Tide Soap Opera

In the 1940s, Tide itself was sponsor of several high-profile serials (some of which could be characterised as soaps) including the “Red Skelton Show”, “The Right To Happiness” and “Perry Mason”.

“Crescent Heights” will not air on NBC (or any TV station) but will be available mobile and online through Tide’s Web site. Parenthetically – this isn’t the first time that P&G has been involved in a branded online video series … the show “Released”, presented by Dawn, featured on the P&G Classic Soaps channel through AOL.

I haven’t watched the show yet but it sounds lke a great idea … a great example of non-interruptive (one hopes) marketing, and even Branded Utility. I am still wondering about the model … a press release talks about Tide being “integrated into a scripted drama”. One hopes the action doesn’t just revolve around washday!

Crescent Heights

GoTV’s Daniel Tibbetts is quoted as saying “Our goal is to build brand affinity for Tide by producing high-quality programming that resonates with Tide’s target audience and drive consumers to []. We’re confident ‘Crescent Heights’ will deliver on that promise.” So he’s focusing more on “association” than “integration per se.

Suzanne Watson, Tide’s Brand Manager focuses on the medium: “We’re thrilled to partner with GoTV to deliver ‘Crescent Heights’ and be a part of leading the forefront of mobile technology.”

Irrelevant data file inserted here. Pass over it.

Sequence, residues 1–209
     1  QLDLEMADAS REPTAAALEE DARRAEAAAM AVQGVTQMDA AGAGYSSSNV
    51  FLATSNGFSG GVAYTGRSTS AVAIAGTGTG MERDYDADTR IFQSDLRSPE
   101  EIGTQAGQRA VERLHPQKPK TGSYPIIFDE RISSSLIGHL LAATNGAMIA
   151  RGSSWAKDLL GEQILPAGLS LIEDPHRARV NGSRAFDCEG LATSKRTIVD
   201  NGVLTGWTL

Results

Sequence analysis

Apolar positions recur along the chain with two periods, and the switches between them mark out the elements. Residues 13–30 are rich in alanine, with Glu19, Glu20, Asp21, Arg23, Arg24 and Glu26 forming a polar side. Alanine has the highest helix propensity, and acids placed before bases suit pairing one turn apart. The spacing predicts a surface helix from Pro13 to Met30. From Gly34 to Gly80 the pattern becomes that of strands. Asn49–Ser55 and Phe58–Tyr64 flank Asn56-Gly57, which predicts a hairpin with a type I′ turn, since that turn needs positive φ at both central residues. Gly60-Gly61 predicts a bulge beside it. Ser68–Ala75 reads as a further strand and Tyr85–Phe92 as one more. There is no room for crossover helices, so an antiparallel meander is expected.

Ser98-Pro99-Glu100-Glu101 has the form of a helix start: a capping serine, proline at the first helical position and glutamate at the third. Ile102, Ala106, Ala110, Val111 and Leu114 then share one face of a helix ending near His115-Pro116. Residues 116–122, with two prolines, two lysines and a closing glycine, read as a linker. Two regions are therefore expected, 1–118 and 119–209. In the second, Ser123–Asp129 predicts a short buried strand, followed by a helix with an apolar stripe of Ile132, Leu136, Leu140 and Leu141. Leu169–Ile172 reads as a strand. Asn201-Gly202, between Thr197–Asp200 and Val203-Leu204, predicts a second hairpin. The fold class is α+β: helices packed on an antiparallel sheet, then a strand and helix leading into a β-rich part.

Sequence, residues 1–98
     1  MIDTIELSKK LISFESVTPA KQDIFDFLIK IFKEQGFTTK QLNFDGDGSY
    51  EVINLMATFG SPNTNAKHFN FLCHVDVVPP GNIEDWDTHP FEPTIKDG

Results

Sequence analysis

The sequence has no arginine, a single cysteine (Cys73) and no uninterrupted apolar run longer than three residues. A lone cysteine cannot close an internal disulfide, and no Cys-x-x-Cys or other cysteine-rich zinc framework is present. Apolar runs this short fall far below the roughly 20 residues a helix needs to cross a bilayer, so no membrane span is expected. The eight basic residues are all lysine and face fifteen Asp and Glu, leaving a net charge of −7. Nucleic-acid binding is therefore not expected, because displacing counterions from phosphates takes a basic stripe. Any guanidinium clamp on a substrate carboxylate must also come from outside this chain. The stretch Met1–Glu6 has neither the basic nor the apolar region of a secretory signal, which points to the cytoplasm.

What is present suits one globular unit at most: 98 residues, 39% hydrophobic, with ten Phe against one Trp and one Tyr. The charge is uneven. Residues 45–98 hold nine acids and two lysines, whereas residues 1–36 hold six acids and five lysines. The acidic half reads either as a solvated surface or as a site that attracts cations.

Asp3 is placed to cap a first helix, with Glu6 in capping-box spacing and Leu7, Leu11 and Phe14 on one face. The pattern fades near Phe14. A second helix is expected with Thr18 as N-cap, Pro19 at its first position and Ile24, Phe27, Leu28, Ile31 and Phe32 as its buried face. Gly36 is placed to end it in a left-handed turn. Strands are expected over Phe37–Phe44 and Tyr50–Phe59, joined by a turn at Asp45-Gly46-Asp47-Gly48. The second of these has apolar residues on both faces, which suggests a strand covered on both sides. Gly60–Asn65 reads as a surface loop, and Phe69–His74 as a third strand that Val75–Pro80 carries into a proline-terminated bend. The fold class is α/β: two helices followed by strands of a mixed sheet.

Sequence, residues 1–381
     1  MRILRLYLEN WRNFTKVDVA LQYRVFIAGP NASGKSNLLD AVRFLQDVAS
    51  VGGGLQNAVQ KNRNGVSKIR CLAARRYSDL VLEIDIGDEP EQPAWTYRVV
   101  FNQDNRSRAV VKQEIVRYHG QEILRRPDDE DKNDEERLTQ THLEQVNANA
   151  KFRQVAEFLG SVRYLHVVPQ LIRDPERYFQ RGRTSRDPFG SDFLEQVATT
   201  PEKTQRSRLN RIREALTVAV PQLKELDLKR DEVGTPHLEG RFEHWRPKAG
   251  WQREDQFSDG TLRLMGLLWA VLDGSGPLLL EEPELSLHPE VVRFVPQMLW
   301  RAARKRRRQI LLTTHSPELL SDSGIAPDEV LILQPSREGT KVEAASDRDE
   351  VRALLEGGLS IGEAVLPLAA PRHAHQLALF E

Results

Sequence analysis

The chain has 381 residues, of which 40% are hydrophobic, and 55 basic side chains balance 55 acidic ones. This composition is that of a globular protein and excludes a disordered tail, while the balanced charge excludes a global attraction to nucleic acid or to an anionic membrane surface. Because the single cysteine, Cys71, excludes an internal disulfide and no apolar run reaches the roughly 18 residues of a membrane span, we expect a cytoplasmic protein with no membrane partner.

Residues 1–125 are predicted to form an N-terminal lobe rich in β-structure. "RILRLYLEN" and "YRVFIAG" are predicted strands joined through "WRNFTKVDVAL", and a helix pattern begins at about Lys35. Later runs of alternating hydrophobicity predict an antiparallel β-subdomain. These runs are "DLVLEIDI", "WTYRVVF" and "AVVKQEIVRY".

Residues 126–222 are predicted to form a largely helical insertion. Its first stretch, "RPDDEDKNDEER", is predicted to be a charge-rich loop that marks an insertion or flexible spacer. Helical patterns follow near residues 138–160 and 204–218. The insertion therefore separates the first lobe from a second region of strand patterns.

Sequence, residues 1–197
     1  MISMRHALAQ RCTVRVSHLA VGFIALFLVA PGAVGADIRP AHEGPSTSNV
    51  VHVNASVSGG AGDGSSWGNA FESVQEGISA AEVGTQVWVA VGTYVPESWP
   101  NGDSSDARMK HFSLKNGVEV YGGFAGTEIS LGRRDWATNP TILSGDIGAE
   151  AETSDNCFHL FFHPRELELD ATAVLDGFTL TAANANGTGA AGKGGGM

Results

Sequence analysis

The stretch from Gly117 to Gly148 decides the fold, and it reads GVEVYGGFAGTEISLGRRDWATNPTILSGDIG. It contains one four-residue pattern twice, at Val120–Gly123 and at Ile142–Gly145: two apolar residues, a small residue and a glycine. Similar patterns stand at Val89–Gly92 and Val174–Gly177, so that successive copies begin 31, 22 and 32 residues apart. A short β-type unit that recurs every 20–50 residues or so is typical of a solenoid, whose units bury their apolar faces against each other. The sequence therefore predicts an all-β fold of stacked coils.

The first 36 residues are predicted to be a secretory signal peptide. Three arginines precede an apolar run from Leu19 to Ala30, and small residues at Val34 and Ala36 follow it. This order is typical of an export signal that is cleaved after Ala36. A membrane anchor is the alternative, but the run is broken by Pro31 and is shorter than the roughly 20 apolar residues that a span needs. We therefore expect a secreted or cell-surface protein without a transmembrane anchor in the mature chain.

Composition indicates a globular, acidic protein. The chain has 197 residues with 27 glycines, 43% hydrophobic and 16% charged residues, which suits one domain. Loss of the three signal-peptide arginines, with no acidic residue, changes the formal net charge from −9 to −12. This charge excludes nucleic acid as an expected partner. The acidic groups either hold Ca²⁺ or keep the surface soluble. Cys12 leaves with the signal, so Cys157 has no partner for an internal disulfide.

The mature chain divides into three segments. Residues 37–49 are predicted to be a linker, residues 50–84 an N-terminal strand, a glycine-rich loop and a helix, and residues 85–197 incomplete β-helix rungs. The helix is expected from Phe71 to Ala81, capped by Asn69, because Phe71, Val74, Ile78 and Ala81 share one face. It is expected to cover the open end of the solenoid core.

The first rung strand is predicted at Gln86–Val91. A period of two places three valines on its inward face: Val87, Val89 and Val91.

Once again – great idea and kudos to P&G (no mention of their agency that I could find). I will reserve final judgment until I have watched the show!

UPDATE: OK I still haven’t watched the show (sorry), but AdRants has this to say: “Endless product promotion aside, we admire the series’ capacity to remind us so vividly of Saved by the Bell: The New Class — except without the charm of the previous class’ success to leech off of.” Adrants also noticed also a rather badly faked show message board(!)

Crescent Heights

JWT’s “Digitivity Deep Dive” and the “Cult Of The Amateur”

I attended the JWT “3D: Digitivity Deep Dive” yesterday at the Frank Gehry designed IAC building on the West Side. Very interesting speakers, including the inimitable Barry Diller,‘s Ricky van Veen, founder Joshua Schachter, MobStar Media’s Jamie Goldblatt, and Joost‘s Dave Clark.

IAC Building

JWT released a survey to coincide with the day.

I was particularly taken by Andrew Keen, who was brought in as a counterpoint to the Web 2.0 Love Fest. Keen is a polemicist who denounces Web 2.0 as a “grand utopian movement” similar to “communist society” as described by Karl Marx. He stated it “worships the creative amateur: the self-taught filmmaker, the dorm-room musician, the unpublished writer”. He also professes to be no fan of the blogging phenomenon

cunt of the amateur

I met him afterward chatting with Ty Montague and promised to blog the speech! (He grimaced at me and walked off). True to my word you can check out (hey, even buy) his book here.